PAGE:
Not content with the People’s decision to leave Article VI, § 37 of the Constitution as it is, the Legislature, in its just-completed session, passed (and the Governor signed) House Bill 2600 (“H.B. 2600”), which purports to amend Article VI, § 37 by requiring the Commission to submit at least five candidates to the Governor, but provides that on a two-thirds vote, the Commission may reject a candidate and “submit fewer than five names.”2 This statute thus attempts two changes in the constitutional scheme: First, in the absence of a supermajority vote, the Commission is required to nominate five (rather than three) candidates.

Second, with a supermajority vote, the Commission may nominate fewer than three candidates. The Legislature’s attempt to amend the Constitution in these ways cannot stand. Under Article XXI, the Constitution may be amended only by vote of the People—not, as here, by legislative fiat. In addition, under Article IV, Part 1, § 1(14), the Legislature cannot supersede Proposition 115, which was defeated by the voters in 2012. Because of the frequency and importance of the Commission’s work, this Court should exercise its special action jurisdiction, declare that H.B. 2600 is unconstitutional, and enjoin and prohibit the Commission from applying H.B. 2600.

1 Article VI, § 36 of the Constitution creates the Commission on Appellate Court Appointments and Article VI, § 37(A) of the Constitution sets forth the nomination procedures for the Commission on Appellate Court Appointments. Article VI, § 41 creates Commissions on Trial Court Appointments and Article VI, § 37(B) sets forth nomination procedures for the Commissions on Trial Court Appointments. Counties with populations of 250,000 or more are covered by §§ 37(B) and 41; presently Maricopa, Pima and Pinal Counties are covered by those sections.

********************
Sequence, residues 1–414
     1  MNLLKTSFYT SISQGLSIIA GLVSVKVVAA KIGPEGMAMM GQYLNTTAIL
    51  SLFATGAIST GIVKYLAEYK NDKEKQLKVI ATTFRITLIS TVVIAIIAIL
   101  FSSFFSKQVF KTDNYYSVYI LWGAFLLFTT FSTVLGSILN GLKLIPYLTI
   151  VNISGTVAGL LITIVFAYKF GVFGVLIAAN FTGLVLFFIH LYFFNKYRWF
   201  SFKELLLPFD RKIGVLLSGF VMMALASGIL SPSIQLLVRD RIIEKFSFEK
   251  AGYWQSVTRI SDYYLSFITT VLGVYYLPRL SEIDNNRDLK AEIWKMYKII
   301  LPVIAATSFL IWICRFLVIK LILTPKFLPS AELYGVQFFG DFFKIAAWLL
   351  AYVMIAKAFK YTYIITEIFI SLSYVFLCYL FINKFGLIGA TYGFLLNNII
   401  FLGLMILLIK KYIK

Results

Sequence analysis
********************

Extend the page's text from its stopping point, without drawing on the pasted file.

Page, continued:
2 H.B. 2600 applies to the Appellate Court Appointment Commission and the three Commissions on Trial Court Appointments. The arguments and references made in this Petition with respect to the Commission on Appellate Court Appointments apply equally to the three Commissions on Trial Court Appointments.

Statement of Issues

1. Does H.B. 2600 unconstitutionally amend Article VI, § 37 by (1) requiring the Commission, in the absence of a supermajority, to nominate more than three candidates to the Governor; and (2) permitting the Commission, with a supermajority, to submit fewer than three candidates to the Governor?

2. Does H.B. 2600 violate Article IV, Part 1, § 1(14) of the Constitution by superseding Proposition 115, which was defeated by a majority of the voters in 2012?